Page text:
# The Fibonacci Numbers and The Golden Section

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The Fibonacci Numbers and The Golden Section
By Zhengyi(Eric) Ge 4th Year Chemical Engineering

Who Was Fibonacci? ~ Born in Pisa, Italy in 1175 AD
~ Full name was Leonardo Pisano ~ Grew up with a North African education under the Moors ~ Traveled extensively around the Mediterranean coast ~ Met with many merchants and learned their systems of arithmetic ~ Realized the advantages of the Hindu-Arabic system

Fibonacci’s Mathematical Contributions
~ Introduced the Hindu-Arabic number system into Europe ~ Based on ten digits and a decimal point ~ Europe previously used the Roman number system ~ Consisted of Roman numerals ~ Persuaded mathematicians to use the Hindu-Arabic number system

Fibonacci’s Mathematical Contributions Continued
~ Wrote five mathematical works ~ Four books and one preserved letter ~ Liber Abbaci (The Book of Calculating) written in 1202 ~ Practica geometriae (Practical Geometry) written in 1220 ~ Flos written in 1225 ~ Liber quadratorum (The Book of Squares) written in 1225 ~ A letter to Master Theodorus written around 1225

The Fibonacci Numbers ~ Were introduced in The Book of Calculating
~ Series begins with 0 and 1 ~ Next number is found by adding the last two numbers together ~ Number obtained is the next number in the series ~ Pattern is repeated over and over 0, 1, 1, 2, 3, 5, 8, 13, 21, 34, 55, 89, 144, 233, 377, 610, 987, … F(n + 2) = F(n + 1) + Fn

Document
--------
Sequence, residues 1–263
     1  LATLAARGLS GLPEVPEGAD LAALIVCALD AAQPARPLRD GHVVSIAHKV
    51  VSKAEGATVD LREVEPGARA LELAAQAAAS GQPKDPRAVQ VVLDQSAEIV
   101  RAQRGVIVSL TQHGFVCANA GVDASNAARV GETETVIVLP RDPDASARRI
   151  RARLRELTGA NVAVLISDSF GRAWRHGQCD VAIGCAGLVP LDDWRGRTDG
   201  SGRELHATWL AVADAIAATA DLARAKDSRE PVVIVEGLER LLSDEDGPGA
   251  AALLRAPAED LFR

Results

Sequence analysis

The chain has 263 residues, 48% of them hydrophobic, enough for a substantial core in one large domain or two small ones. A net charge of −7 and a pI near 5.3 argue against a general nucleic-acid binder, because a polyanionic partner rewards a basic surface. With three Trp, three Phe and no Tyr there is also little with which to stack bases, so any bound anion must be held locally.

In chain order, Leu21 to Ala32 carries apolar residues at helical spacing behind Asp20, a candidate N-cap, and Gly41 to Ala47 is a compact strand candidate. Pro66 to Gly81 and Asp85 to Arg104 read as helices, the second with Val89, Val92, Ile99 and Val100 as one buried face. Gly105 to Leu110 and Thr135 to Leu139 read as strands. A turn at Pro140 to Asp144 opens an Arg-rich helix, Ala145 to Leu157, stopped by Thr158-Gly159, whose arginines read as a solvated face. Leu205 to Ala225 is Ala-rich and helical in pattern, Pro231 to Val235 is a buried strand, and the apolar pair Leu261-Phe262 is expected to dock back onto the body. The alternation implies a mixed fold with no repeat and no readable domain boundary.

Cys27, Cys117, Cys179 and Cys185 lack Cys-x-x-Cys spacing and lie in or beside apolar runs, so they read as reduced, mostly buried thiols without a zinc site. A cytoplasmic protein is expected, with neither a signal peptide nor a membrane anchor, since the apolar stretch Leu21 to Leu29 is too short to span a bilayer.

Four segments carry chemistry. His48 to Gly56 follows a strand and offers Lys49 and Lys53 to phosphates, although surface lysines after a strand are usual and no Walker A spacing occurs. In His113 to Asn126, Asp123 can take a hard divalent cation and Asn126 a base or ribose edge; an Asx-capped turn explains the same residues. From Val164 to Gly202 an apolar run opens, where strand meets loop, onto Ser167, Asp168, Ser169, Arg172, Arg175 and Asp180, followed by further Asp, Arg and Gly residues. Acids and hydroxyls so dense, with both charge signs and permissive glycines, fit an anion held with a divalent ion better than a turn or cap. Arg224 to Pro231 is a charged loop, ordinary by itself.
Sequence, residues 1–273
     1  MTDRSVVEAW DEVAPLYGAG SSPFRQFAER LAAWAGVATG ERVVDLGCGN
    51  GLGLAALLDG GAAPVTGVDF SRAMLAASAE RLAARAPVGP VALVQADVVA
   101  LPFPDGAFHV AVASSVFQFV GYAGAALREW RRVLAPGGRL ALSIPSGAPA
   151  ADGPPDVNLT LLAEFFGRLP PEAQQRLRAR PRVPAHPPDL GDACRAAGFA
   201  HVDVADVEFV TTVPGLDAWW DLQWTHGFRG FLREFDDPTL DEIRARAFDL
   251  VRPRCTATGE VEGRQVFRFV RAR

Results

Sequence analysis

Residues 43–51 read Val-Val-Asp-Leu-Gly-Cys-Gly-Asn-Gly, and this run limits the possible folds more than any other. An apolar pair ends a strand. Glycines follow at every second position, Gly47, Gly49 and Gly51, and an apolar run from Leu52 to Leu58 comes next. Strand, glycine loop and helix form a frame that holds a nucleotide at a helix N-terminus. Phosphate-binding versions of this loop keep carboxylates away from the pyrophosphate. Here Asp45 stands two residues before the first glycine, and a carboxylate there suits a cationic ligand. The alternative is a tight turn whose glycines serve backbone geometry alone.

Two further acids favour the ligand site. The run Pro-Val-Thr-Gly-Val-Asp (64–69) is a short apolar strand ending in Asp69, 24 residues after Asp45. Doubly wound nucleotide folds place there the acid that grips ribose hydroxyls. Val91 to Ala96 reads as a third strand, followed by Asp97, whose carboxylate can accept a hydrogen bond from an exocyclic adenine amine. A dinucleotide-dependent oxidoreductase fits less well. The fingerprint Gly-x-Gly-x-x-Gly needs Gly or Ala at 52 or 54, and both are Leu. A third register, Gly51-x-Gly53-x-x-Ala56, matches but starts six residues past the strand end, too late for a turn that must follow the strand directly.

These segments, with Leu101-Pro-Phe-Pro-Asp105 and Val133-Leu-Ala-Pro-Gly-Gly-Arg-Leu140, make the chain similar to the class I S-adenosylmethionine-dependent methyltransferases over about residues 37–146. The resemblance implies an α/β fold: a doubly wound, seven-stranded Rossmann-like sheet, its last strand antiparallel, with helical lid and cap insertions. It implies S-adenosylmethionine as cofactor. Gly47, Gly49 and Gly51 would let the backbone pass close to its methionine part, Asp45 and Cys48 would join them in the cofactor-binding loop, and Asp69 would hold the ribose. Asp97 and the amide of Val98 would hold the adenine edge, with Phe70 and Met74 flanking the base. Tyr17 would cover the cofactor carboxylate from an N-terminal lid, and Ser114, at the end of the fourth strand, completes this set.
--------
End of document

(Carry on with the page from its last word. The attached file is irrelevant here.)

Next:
The Fibonacci Numbers in Nature
~ Fibonacci spiral found in both snail and sea shells

The Fibonacci Numbers in Nature Continued
Lilies and irises = 3 petals Buttercups and wild roses = 5 petals Corn marigolds = 13 petals Black-eyed Susan’s = 21 petals

The Fibonacci Numbers in Nature Continued
~ The Fibonacci numbers can be found in pineapples and bananas ~ Bananas have 3 or 5 flat sides ~ Pineapple scales have Fibonacci spirals in sets of 8, 13, 21

The Golden Section ~ Represented by the Greek letter Phi
~ Phi equals ± … and ± … ~ Ratio of Phi is 1 : or : 1 ~ Mathematical definition is Phi2 = Phi + 1 ~ Euclid showed how to find the golden section of a line < > A G B g g GB = AG or 1 – g = g g AG AB 1 so that g2 = 1 – g

The Golden Section and The Fibonacci Numbers
~ The Fibonacci numbers arise from the golden section ~ The graph shows a line whose gradient is Phi ~ First point close to the line is (0, 1) ~ Second point close to the line is (1, 2) ~ Third point close to the line is (2, 3) ~ Fourth point close to the line is (3, 5) ~ The coordinates are successive Fibonacci numbers